People scurried from all corners of the Capitol this week to see something that has not happened in eons: In the state Senate, two of New York’s nastier political puppets cut their strings and danced to their own tune.
The result was that the Republican Party, which lost control of the chamber five months ago after 40 years in power, regained a governing majority. Pedro Espada Jr. of The Bronx and Hiram Monserrate of Queens defected from the Democrats to form a 32-30 majority coalition with the Republicans. Espada was promptly rewarded with the title of temporary Senate President, though real power seems to rest with Dean Skelos, a Long Island Republican.
I say “seems to rest” because the aftermath of the coup would better suit the dateline Albania rather than Albany. (No insult to Albania is intended.) When Republicans abruptly called for a vote to replace the chamber’s leadership, Senate Democrats turned off the lights and walked out — taking the keys with them.
Espada and Monserrate insist they are still Democrats. In the world of New York clubhouse politics, however, they likely have no chance whatsoever of being renominated by the party that dominates their districts.
Almost nobody in Albany opposes a party leader without permission, which is sometimes granted for appearances’ sake. New York has the odd practice of varying a legislator’s salary according to committee chairmanships and other duties — which are determined by party leaders. Lawmakers also must make nice to their leadership in order to be awarded state slush funds, better known as “member items,” to hand out in their districts. This enables legislators to build the patronage base that entrenches them, and their parties’ leaders, in power.
But Monserrate and Espada are special cases. Monserrate, a first-term senator, recently was indicted on charges that he slashed his girlfriend’s face with broken glass in a jealous rage. Both he and the girlfriend, who declined to press charges, have said it was an accident. Sen. Malcolm Smith, the Democrat who ran the Senate before this week’s coup, withheld a lucrative committee chairmanship from Monserrate — who now has his revenge.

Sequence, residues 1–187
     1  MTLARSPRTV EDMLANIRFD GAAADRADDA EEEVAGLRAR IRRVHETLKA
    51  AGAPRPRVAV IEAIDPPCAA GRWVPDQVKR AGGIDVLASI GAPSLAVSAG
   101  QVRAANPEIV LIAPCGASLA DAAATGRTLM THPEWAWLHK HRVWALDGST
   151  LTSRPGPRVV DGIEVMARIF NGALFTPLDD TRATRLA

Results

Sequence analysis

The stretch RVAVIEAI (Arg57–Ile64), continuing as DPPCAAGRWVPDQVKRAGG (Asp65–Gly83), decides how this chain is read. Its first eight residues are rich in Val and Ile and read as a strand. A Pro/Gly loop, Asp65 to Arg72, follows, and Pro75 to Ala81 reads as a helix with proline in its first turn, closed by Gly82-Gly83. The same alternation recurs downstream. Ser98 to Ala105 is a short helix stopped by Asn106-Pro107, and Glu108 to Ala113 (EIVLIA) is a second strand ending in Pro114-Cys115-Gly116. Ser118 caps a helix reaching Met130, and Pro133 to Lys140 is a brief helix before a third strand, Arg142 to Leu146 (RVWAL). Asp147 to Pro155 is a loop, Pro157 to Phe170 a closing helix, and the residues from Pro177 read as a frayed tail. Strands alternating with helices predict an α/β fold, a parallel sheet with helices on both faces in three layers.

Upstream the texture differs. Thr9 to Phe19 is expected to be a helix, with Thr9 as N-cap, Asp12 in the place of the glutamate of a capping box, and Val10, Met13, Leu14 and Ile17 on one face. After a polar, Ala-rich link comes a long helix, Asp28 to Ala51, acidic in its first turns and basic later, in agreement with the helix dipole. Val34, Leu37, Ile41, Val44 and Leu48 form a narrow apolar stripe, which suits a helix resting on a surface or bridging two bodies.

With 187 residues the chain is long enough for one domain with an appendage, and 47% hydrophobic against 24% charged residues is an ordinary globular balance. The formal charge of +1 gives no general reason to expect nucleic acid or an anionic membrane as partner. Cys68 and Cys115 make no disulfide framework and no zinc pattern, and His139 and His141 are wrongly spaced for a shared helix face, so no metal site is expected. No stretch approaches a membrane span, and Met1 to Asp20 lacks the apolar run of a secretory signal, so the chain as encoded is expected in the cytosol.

Espada has been assessed at least $73,000 in fines and penalties for failing to file campaign finance reports. Smith also called him on the carpet recently for failing to establish a campaign committee, while the Bronx District Attorney reportedly is investigating whether Espada actually lives in Mamaroneck in suburban Westchester County, rather than in his Bronx district as the law requires.
None of which stopped Republicans from joining forces with Monserrate and Espada to regain power. Suddenly, bipartisanship is in style in the Senate.
The spring legislative session is just a few weeks from its scheduled conclusion in any event. The Republican takeover seems to be too late to stop an already-approved set of tax increases, mostly aimed at high income New Yorkers but also at employers and self-employed workers in metropolitan New York City. But it complicates efforts to bolster the city’s finances in the face of the Wall Street downturn, and also raises questions about whether legalization of gay marriage — already approved in the Assembly — will reach a Senate vote.
The real winner in all this is Assembly Speaker Sheldon Silver, a Democrat from lower Manhattan. The Assembly remains under his iron thumb, while the Senate thrashes and the state’s accidental governor, David Paterson, lurches from gaffe to gaffe. We may not know who has the Senate’s spare key, but there is no doubt about who wields the most power in Albany today.